WASHINGTON -- The Volcker Rule may finally be out, but the process of understanding the intricacies of the complex regulation that bans the largest banks from making risky trades has only just begun.

Financial institutions and their respective lawyers are poring over the 71-page rule, in addition to the 800-plus pages of supplementary materials, to determine how they will comply with it when it will rely so heavily on examiners’ subjectivity.

The controversial ban drafted by the five regulatory agencies is intended to raise a wall between proprietary trading and market-making activities at commercial banks.  But regulators were careful to avoid drawing bright lines and setting explicit limits, introducing numerous gray areas with ample room for judgment.

Despite some media reports that rushed to declare the final Volcker Rule “tougher” or “weaker” than a proposal released two years ago, most insiders said it still isn’t clear.

“It’s a monster,” said Gil Schwartz, a partner at Schwartz & Ballen and a former attorney for the Fed. “Anybody that comes up with a conclusion that the rule is tougher, easier, what the impact will be, is kind of a fool’s errand, because it’s much, much, too difficult to understand as a whole until you really understand what changes remain and how it’s going to impact the institutions.”

Lawyers representing clients of major banks that will be impacted by the regulation were cautious in their initial comments following the release of the final rule on Tuesday, citing the fact that the opportunity to be “fast and wrong” will be numerous in the early days.

“Speed kills in this context,” said a banking lawyer, who requested anonymity.

 As lawyers undertake line by line comparisons to the initial 2011 proposal, it’s likely that conclusions will turn on even the smallest of word changes. It may ultimately wind up that the changes are subtle, but until it’s fully examined, few feel comfortable declaring a victory.

“There are clearly significant changes,” said Schwartz. “People are still trying to get a handle on what the impact may be.”

Just how difficult it will be for large financial institutions like JPMorgan Chase and Goldman Sachs to comply with is unclear. Speaking with investors on Wednesday, Jamie Dimon, JPMorgan’s chief executive, sounded optimistic about the final rule.

"I'm glad that we now have certainty," Dimon said. "I think we'll be able to manage with Volcker."

But compliance may ultimately depend on the fine print of the rule, observers said. For example, the final rule leaves room for interpretation in whether certain hedging activities are exempted from the ban or not.

“There are aspects of the hedging exemption that still involve meaningful judgments,” said Robert Maxant, a partner with Deloitte & Touche and head of the firm’s effort on the Volcker Rule. “The demonstrable reduction in risks is a new requirement that raises the bar, but still leaves open the question of how would one define ‘demonstrable.’ It’s going to be a matter of judgment.”

But other observers said the subjectivity inherent in the final rule was to be expected, considering the complexity of the provision and regulators’ desire to remain flexible.

 “The 10 Commandments are subject to interpretation,” said Karen Shaw Petrou, managing partner at Federal Financial Analytics. “I don’t know any rule that isn’t. I don’t think it’s a reasonable expectation that any rule won’t have potential issues or enforcement variance among all the agencies in doing it, but I still go back and say I don’t think it’s anything like the issues where industry was basically holding its breathe pending the final rule.”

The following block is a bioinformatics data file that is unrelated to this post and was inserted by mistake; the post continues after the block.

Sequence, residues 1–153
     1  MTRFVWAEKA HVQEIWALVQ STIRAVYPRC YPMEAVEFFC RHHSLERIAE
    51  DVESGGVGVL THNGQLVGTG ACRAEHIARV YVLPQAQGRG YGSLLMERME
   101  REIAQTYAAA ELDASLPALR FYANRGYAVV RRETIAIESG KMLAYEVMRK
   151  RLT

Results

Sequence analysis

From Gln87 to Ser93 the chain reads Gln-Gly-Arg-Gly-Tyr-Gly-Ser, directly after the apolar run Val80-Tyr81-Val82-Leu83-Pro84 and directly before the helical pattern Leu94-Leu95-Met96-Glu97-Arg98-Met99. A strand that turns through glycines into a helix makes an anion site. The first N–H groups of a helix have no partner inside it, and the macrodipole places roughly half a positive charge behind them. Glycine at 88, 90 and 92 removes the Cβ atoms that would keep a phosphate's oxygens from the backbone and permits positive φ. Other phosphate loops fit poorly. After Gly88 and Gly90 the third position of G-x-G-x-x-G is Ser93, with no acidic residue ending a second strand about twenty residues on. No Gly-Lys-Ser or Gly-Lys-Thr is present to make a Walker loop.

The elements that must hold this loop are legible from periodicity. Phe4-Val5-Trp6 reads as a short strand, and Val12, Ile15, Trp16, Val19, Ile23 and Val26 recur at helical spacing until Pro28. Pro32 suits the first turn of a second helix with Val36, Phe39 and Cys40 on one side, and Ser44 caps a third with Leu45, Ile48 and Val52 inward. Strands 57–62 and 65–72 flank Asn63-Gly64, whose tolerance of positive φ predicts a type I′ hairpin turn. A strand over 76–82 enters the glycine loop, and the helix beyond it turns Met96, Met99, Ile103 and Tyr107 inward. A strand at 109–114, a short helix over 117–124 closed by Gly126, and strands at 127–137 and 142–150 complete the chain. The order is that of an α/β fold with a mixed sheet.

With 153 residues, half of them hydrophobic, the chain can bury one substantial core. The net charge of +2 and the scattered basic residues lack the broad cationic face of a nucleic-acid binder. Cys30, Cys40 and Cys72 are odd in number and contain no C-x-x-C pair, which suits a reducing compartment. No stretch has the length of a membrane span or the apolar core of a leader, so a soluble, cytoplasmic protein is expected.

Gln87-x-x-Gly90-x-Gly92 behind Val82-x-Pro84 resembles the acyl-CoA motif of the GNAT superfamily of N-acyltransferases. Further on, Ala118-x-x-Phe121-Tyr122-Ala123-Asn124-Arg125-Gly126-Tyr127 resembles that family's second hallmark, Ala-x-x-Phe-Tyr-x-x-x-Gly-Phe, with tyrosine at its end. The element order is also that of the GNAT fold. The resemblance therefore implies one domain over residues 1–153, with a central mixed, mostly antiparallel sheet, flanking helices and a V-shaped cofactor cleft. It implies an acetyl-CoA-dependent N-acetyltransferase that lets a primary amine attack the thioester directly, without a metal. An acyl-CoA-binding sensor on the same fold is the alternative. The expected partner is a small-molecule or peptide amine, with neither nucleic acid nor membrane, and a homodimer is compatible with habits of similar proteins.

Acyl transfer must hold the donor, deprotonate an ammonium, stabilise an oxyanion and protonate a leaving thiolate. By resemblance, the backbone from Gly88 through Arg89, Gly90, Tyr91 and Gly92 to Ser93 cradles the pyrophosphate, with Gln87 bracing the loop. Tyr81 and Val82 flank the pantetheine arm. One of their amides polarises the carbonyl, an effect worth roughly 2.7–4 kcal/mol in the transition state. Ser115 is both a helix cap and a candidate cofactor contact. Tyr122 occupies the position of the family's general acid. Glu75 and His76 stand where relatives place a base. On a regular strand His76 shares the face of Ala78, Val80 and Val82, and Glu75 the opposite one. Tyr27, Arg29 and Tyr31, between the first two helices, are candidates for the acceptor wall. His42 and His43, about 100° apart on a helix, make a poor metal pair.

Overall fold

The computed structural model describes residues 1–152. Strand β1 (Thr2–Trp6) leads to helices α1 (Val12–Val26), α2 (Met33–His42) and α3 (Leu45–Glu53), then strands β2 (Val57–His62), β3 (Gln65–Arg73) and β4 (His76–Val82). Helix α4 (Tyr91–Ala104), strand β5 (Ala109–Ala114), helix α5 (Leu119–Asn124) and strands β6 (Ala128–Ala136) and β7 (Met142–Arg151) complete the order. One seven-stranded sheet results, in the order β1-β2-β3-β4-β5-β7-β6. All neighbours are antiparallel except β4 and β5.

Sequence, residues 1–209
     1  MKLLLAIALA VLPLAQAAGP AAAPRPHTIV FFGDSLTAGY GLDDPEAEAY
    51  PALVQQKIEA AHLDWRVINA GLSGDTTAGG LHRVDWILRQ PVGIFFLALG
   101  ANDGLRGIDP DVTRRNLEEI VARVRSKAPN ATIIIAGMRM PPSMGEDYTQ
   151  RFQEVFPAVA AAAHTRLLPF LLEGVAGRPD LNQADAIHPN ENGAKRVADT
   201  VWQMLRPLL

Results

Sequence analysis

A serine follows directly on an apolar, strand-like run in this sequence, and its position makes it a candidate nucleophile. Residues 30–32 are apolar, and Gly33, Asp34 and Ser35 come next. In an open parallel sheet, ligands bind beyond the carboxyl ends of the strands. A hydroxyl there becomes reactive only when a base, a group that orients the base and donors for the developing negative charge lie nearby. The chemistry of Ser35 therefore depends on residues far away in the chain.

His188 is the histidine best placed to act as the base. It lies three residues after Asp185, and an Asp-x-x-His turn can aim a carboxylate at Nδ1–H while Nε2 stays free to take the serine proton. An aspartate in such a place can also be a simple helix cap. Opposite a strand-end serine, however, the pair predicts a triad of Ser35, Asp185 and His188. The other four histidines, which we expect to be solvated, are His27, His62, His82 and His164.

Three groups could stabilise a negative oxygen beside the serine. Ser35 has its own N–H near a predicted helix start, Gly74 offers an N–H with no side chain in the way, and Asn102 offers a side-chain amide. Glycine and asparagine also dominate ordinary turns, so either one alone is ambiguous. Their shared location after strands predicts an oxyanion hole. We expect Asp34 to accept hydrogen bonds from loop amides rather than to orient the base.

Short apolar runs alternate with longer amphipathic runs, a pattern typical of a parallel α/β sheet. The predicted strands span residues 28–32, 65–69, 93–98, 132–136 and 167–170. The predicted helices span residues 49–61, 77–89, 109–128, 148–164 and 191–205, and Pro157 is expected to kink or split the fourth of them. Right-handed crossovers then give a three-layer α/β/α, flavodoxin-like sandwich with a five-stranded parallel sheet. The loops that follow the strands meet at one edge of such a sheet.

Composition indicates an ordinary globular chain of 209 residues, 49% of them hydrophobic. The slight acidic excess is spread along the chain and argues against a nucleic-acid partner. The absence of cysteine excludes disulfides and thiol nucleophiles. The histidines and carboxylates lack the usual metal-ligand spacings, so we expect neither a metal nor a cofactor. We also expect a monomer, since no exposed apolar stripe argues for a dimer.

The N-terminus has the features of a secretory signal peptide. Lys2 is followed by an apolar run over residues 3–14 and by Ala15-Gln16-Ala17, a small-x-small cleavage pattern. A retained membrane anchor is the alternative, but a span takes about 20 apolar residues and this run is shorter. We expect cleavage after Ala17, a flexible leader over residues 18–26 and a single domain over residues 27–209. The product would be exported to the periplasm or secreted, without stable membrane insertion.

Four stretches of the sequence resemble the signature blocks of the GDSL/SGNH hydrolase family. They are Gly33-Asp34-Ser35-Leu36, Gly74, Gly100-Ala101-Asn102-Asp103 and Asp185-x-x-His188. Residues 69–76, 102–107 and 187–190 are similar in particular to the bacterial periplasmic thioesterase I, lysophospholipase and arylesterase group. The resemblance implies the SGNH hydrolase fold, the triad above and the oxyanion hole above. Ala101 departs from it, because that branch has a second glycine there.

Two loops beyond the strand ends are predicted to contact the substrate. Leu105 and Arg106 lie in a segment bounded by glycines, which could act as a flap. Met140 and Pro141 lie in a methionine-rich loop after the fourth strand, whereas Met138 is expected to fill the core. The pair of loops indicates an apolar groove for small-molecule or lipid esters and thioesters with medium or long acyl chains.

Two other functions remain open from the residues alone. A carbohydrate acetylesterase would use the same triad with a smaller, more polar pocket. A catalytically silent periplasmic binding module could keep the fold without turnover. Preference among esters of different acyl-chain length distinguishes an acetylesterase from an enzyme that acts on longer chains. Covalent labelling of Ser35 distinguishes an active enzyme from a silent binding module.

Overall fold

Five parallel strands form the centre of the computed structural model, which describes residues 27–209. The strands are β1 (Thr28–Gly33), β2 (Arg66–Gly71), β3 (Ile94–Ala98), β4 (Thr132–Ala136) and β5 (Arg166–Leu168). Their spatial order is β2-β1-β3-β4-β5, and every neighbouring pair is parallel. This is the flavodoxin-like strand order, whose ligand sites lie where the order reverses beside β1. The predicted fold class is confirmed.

The discretion in how the new rule is applied will fall to examiners, whose enforcement is certain to vary across the various agencies, a concern raised by Federal Reserve Board Gov. Sarah Bloom Raskin and Comptroller of the Currency Thomas Curry on Tuesday, who both called for formal supervisory guidance to be issued as quickly as possible to facilitate enforcement.

“There is no doubt judgment is needed here,” Maxant said. “In an examination, judgment would need to be applied, and I think judgment as opposed to bright lines does make it a little bit harder to sort through those issues.”

What complicates matters, some lawyers argue, is the subjective nature of the Volcker Rule itself as written in the Dodd-Frank Act.

“You’re trying to regulate a behavior which by its nature has a certain element of subjectivity to it,” said Greg Lyons, a partner at Debevoise & Plimpton.

While regulators will rely on examinations, they will also likely draw from several metrics that will be applied to banks in order to perform horizontal comparisons across the firms to determine if there are any outliers in particular areas.

Regulators agreed to give banks an additional year to figure out how to prepare for the rule, but the issue is likely to generate discussion between the agencies, banks and trade groups attempting to nail down specifics.

“The Fed’s extension of the conformance period is very important, as it appropriately recognizes that banks will need sufficient time to develop effective compliance regimes now that the final rule is out, a process that will require substantial planning and significant interaction with the regulators,” said Mitch Eitel, co-head of the financial institutions group at Sullivan & Cromwell.

There already appears to be some movement by the industry to seek further guidance from regulators, but as many lawyers pointed out, this will likely be a continuous dialogue between regulators and banks over the coming months.

“If there ever was a rule where the devil was in the details, it is the Volcker Rule,” Lyons said.  “It’s going to require an enormous amount of effort by the banks over the coming months to figure out exactly what this does mean for them.”

Donna Borak is the Federal Reserve reporter for American Banker.